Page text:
“Our crew members were so stoked the last time,” co-CEO AJ Kumaran told The Washington Post. “So we decided to try our luck again. And now we’re all just excited, waiting and crossing our fingers for a win.”
The jackpot has a cash-payout option of $648.2 million. If a ticket purchased by Raising Cane’s is a winner, the CEOs would split the sum evenly among their employees, meaning workers would receive nearly $13,000 each — a welcomed extra bit of cash amid the uncertainty of a shifting labor market, inflation and fears of a recession.
“Look, I hear from our crew members all the time, and things are really tough out there,” Kumaran said. “Whether they’re pumping gas or buying groceries, they’re feeling it and it’s hard. So this was an opportunity to have fun but at the same time, hopefully make a little bit of extra money for our people.”
Yet some have questioned the executives’ decision to throw more money at a game with minuscule chances of winning.
“You spent $100,000 on tickets and you lost, and you’re going to do it again? Why not give the money, give $200,000 to your employees?” CNN’s John Berman asked Kumaran during an interview Wednesday.
Kumaran responded that buying the lottery tickets was “really more than about money.” The decision to divvy up the potential winnings reflects “taking care of each other [and] standing by each other as a family,” he said.
He told The Post that the idea of buying the lotto tickets really came down to “doing the right thing” for employees — and having a bit of fun at it.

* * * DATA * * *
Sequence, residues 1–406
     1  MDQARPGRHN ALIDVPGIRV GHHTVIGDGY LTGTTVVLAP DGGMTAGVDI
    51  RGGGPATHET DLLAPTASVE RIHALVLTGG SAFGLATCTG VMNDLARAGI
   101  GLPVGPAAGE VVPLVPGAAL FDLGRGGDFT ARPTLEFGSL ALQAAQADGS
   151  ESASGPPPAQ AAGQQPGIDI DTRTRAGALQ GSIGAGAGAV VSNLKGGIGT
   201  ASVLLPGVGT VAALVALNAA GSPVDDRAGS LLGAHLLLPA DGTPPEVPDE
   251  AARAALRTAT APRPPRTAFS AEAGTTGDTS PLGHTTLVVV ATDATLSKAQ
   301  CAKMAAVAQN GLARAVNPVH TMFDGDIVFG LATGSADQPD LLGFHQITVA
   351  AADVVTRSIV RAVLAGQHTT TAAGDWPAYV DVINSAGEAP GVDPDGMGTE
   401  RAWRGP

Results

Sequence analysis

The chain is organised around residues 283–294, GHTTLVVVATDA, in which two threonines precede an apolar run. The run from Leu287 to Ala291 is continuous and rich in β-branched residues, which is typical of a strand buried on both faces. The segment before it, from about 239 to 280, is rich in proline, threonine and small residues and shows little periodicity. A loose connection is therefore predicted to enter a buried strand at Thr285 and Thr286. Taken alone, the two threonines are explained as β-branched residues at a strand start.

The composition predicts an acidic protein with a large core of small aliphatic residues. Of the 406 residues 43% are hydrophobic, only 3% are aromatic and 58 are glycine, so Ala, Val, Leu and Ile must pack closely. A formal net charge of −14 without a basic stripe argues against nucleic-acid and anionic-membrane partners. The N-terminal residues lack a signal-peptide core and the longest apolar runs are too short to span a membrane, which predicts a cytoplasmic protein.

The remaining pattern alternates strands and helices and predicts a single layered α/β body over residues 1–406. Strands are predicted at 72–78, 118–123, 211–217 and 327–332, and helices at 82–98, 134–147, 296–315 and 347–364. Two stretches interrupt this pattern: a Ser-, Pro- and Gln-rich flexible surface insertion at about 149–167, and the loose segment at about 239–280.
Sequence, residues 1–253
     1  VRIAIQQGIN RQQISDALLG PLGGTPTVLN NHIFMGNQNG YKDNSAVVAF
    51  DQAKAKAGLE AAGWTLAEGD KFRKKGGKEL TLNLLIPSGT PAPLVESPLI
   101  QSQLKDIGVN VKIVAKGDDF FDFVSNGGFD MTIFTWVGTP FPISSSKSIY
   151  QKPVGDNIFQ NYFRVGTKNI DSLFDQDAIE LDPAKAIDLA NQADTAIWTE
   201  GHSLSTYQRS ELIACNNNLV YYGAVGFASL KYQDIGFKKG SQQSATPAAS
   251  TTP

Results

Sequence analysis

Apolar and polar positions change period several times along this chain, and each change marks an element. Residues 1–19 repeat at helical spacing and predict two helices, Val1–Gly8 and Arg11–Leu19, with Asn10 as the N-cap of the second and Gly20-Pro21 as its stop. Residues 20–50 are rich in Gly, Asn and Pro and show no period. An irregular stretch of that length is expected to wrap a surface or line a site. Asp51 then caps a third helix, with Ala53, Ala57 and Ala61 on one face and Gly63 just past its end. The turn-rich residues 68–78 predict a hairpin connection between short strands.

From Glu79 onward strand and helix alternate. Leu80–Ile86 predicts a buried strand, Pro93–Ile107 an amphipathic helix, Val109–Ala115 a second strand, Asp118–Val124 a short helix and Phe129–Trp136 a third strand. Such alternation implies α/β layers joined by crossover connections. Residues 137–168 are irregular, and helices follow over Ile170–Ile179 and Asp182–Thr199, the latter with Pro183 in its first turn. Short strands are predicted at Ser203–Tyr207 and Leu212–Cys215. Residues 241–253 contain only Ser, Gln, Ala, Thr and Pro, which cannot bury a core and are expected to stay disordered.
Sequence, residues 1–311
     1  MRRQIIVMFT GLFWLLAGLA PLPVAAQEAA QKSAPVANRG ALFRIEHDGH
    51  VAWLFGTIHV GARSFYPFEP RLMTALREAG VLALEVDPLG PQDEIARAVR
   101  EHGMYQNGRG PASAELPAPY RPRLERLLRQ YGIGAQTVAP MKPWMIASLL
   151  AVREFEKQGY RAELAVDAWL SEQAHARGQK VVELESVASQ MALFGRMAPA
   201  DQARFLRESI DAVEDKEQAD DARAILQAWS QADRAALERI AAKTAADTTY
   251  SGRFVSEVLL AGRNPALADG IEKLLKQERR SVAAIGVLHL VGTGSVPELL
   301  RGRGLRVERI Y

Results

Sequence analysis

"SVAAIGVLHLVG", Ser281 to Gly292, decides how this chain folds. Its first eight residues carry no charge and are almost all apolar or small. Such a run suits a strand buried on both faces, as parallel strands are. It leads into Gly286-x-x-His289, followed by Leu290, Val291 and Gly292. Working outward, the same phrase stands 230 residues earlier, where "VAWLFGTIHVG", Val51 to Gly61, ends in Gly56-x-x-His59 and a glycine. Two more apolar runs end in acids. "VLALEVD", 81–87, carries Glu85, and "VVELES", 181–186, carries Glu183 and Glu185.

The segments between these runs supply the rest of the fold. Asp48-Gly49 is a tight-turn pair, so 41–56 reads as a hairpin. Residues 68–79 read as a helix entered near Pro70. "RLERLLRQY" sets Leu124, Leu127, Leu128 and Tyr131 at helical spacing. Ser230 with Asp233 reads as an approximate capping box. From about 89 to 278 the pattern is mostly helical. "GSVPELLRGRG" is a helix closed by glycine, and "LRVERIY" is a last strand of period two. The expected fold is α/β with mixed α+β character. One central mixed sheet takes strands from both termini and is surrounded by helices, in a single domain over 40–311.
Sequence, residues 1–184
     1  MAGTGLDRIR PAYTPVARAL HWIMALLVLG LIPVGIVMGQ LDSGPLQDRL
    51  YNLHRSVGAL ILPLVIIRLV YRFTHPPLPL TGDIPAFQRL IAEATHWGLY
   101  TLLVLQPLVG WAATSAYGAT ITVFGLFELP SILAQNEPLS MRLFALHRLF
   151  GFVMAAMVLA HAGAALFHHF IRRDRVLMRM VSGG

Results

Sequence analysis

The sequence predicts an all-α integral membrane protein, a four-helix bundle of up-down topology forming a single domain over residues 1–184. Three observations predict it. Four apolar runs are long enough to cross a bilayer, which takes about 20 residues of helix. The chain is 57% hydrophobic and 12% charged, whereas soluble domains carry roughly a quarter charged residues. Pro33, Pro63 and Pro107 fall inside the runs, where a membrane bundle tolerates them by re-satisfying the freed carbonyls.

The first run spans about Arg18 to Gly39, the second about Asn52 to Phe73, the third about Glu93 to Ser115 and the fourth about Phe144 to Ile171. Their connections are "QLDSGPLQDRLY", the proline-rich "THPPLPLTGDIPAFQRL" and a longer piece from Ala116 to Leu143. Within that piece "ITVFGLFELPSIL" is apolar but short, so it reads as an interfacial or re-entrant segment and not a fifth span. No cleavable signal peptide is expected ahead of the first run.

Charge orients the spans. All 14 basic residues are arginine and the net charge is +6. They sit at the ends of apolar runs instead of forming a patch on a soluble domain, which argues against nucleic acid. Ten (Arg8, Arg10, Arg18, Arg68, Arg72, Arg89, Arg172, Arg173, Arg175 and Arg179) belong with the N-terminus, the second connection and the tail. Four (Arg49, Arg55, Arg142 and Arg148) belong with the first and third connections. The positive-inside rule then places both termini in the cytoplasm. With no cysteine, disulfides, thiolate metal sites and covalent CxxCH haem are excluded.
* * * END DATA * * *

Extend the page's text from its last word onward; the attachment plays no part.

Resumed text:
“I don’t think of it as $100,000. It’s really $2 per crew member,” he said. “And if you think about it that way, it’s just a couple of bucks. They work very hard every day, and we’re doing this for them to have fun and test their luck. So I feel good about doing it.”
Kumaran also pointed to the $200 million in raises the company has paid its employees over the past two years. Raising Cane’s announced last year it would increase wages by about 15 percent for most employees.
The lottery idea started last Thursday, when Mega Millions announced its jackpot had swelled to one of the largest in the game’s history. That’s when Kumaran proposed having Raising Cane’s purchase the tickets. The company’s general counsel, however, was less than thrilled with the idea, he said.
Undeterred, Kumaran tapped his co-CEO and founder, Todd Graves, to finance the tickets out of his own pocket. “We thought, ‘Okay let’s do it as soon as possible because how hard can it be to print 50,000 tickets?’”
As it turns out, pretty difficult. Between getting a hold of the cash needed from four different banks and hitting up two 7-Eleven convenience stores in Dallas to print the tickets, the plan turned into a 10-hour operation on Monday.
“Let me tell you, it’s nerve-racking being at a gas station with $100,000 in cash,” Kumaran said.
He munched on a hot dog while the orange-and-white tickets were slowly printed. Twice, the machine had to be refilled — something that usually happens “every two months or so,” Kumaran said the gas station’s manager remarked. Meanwhile, other customers were complaining about the machine being taken hostage.
The hustle, however, was to no avail — though it did help Kumaran figure out a way to streamline the process for his next attempt on Wednesday. That day, instead of going around town with stacks of money, he was able to wire transfer the $100,000 to 7-Eleven. The eight-hour wait to print the tickets was still the same, nonetheless.
On Friday evening, a small crew of Raising Cane’s employees will scan all 50,000 tickets to see if any are able to break Mega Millions’ streak of 29 consecutive drawings without a winner — a long-awaited rollover that has inspired both “jackpot chasers” and serious gamblers to throw down their money.
Only four jackpots have been hit this year, with the last one — worth some $20 million — being won April 15 in Tennessee.
The odds of winning big Friday are roughly 1 in 303 million — the probabilities of having a toilet-related injury or being named a saint are significantly higher.
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